Jim Messina: Master of Stage and Studio

It’s the rare individual whose work encompasses multiple and clearly-defined sectors of the music business: very few people can claim deep experience as recording engineer, producer, musician, recording artist, singer-songwriter and live performer. But Jim Messina has excelled in each of those areas, earning a sterling reputation as a pioneer in folk- and country-rock in the process.

Messina began his professional career as a musician when only 16 years old, releasing an album in 1964. From there, he soon moved into the technical side of the business. “I used to work as an engineer,” he recalls, “sometimes from 10 in the morning until two or three at night, every day. I’d go home, get in bed by three, up at eight, and then back in the studio.” His engineering work included sessions for Leon Russell and actor-singer David Hemmings.

And that experience served Messina well when he produced and engineered sessions for a folk-rock band called Buffalo Springfield. He eventually took over for Bruce Palmer as the band’s bassist, appearing on their final LP, 1968’s Last Time Around. After that band folded (with Stephen Stills and Neil Young soon teaming up with David Crosby of the Byrds and former Hollies singer-guitarist Graham Nash), Messina had the idea to pursue a synthesis of country and rock.

He and Springfield founder Richie Furay formed Poco, pioneering the distinctively California flavored genre. The band earned critical plaudits and influenced countless artists, but Poco’s commercial success was measured; they were just slightly ahead of the listening public. At the time, “we were too country for rock, and too rock for country,” Messina says.

Internal conflicts led Messina to leave that group in 1970; his plan was to get off the road and instead return to production and behind-the-scenes work. He passed on opportunities to work with a number of artists including Olivia Newton-John (“You need a pop producer,” he told her). Messina had a six-album deal, and he had to find artists to produce. “I’d already gotten paid three to four months into my contract with CBS,” he recalls with a chuckle. “And I was starting to feel bad; I hadn’t found anybody!”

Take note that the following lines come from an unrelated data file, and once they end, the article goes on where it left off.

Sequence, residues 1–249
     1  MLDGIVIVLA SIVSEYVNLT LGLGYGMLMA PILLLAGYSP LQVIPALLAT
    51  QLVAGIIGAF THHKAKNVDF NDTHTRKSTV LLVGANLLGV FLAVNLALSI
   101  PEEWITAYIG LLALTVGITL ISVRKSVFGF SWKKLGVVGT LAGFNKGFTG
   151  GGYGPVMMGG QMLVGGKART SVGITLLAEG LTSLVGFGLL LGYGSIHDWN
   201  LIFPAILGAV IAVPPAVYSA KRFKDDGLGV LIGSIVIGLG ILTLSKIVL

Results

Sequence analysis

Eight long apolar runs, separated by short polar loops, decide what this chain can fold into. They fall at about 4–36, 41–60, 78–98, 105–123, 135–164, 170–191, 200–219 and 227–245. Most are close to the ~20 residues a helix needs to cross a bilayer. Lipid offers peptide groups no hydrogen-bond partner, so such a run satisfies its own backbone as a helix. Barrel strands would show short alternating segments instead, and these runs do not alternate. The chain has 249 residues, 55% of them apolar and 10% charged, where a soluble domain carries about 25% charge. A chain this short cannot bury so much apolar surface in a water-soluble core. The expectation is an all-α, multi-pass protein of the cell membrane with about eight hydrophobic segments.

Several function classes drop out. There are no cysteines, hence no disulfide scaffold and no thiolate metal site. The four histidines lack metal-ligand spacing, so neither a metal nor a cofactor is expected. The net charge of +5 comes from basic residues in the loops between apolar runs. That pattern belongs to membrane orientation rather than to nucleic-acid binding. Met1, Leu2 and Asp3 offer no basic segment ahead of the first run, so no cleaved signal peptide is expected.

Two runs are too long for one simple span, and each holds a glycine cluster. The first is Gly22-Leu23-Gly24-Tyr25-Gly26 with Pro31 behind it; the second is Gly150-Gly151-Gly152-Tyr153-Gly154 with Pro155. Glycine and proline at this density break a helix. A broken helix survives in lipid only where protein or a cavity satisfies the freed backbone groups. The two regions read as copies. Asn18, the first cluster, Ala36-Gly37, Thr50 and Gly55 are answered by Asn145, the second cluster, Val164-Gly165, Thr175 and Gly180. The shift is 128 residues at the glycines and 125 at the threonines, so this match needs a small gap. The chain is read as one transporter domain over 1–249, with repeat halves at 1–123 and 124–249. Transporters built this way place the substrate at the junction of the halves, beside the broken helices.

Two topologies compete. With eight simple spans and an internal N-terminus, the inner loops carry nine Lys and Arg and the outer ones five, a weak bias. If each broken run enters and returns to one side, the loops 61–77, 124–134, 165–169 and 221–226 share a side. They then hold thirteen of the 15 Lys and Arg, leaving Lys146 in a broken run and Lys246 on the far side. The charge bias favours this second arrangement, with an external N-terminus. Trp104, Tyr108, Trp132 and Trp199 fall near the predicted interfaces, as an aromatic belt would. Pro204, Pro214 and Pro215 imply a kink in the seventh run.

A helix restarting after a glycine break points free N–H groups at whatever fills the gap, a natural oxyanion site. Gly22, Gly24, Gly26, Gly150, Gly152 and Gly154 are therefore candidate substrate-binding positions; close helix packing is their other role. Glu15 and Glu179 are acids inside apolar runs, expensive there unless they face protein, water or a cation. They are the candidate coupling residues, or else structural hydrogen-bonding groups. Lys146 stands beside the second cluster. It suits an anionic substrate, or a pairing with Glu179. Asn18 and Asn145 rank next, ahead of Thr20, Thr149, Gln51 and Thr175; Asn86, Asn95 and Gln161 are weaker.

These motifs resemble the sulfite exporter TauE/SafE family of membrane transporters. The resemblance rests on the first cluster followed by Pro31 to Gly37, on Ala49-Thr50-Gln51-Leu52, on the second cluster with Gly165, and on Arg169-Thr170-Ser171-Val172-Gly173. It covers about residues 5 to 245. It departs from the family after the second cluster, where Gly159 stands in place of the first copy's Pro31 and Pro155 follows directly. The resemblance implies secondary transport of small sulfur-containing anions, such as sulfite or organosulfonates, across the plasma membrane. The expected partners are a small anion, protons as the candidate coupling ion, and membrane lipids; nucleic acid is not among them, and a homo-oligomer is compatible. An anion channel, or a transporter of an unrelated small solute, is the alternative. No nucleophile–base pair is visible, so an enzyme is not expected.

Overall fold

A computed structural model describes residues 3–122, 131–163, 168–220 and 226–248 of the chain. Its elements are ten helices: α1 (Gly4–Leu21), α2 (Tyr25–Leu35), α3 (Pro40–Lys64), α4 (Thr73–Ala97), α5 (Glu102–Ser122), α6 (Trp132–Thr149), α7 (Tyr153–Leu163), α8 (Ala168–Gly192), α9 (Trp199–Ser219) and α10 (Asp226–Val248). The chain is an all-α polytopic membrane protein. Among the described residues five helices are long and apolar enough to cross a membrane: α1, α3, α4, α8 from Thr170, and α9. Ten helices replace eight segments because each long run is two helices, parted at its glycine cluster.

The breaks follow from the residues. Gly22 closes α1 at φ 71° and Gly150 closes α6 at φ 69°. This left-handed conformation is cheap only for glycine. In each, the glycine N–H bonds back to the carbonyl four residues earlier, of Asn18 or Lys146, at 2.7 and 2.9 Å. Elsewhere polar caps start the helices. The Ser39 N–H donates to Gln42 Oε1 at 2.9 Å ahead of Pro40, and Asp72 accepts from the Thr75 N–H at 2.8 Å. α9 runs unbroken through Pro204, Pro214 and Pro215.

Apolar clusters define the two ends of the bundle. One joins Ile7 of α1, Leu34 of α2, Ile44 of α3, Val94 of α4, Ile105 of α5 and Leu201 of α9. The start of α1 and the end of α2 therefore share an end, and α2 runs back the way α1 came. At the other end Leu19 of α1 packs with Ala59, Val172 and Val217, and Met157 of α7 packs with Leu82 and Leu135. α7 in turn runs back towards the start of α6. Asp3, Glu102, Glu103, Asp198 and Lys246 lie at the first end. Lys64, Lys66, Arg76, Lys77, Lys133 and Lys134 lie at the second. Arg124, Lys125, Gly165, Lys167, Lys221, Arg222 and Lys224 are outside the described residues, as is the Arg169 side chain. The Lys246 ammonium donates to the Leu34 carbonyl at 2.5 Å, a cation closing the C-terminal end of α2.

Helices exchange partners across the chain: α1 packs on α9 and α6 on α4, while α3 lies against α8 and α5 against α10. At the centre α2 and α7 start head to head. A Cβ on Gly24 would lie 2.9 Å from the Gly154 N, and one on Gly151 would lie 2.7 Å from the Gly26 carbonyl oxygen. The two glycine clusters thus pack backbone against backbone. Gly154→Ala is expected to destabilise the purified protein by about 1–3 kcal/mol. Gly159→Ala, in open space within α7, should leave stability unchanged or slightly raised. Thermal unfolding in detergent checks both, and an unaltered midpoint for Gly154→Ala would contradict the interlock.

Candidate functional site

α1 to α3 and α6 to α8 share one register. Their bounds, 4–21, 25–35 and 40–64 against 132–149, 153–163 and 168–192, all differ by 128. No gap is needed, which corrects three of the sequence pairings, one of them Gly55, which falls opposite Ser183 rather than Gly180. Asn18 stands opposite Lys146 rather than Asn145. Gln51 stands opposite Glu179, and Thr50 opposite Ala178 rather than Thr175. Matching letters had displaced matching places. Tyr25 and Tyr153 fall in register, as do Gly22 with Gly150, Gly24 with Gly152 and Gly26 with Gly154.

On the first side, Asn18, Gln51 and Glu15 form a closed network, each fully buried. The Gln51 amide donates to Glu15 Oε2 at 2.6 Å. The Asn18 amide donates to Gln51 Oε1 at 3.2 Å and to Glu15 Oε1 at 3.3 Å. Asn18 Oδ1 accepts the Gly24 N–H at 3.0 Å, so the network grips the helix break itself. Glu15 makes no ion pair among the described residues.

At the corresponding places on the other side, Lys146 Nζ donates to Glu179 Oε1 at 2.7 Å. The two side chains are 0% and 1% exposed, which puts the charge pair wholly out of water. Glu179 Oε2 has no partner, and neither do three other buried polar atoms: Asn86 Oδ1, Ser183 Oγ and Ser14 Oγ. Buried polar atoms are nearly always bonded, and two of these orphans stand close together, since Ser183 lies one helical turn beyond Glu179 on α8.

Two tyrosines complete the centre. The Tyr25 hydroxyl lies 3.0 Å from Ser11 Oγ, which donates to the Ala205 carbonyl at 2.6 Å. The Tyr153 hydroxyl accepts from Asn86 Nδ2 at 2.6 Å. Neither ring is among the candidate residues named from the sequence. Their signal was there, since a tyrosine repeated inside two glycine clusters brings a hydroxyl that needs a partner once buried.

But soon enough he met Kenny Loggins. The singer-songwriter played some of his original tunes for Messina. “He sang ‘Danny’s Song’ and ‘House at Pooh Corner,’ I think,” Messina recalls. And rather than simply producing Loggins, Messina became half of a duo with him. And rather than stick with a particular style, the duo made a point to emphasize its versatility. “We would do as much diverse material as we could,” Messina recalls. “And hopefully it would create a situation where people were interested in hearing what the next album would be about.”

Loggins & Messina were hugely successful, eventually selling more than 16 million records. The duo formally split in 1976, but have reunited on occasion in the years since then. After he and Loggins went their separate ways, Messina for the first time launched a recording and performing career under his own name. To date he has released more than eight solo albums, and mounted many successful concert tours. His recorded work and live performances emphasize his varied musical interests: flamenco guitar, rock, country, folk and more. And his production and engineering work continues.

Messina’s current project brings together all of his skills and experience. Like his most recent release (2015’s In the Groove), his upcoming release – street date still to be determined – is a live album. And as is his custom, he’s producing and engineering the release himself. “I’ve been on both sides of the glass,” he points out. He’s been both a producer and an artist, sometimes both at once. “And I know what it takes to get the job done,” Messina says.

Having recently relocated his world-class recording studio from California to Franklin, Tennessee, Messina has everything he needs to complete the project. “We recorded each night on our last tour,” he says. “And out of the four months or so that I recorded – probably 60 recordings – I was able to find some that were really well recorded, with performances that were really well done.” Drawing from the best of those – as luck would have it, one acoustic and one electric set – he went about building a live album.

While the joy Messina experiences playing onstage is clearly evident at his shows, after 60 years in the business, he says that he finds all the pieces of his immersion in music to be fulfilling. “It’s all part of who I am,” he says. “From the resistors to the legalese, I enjoy it all.”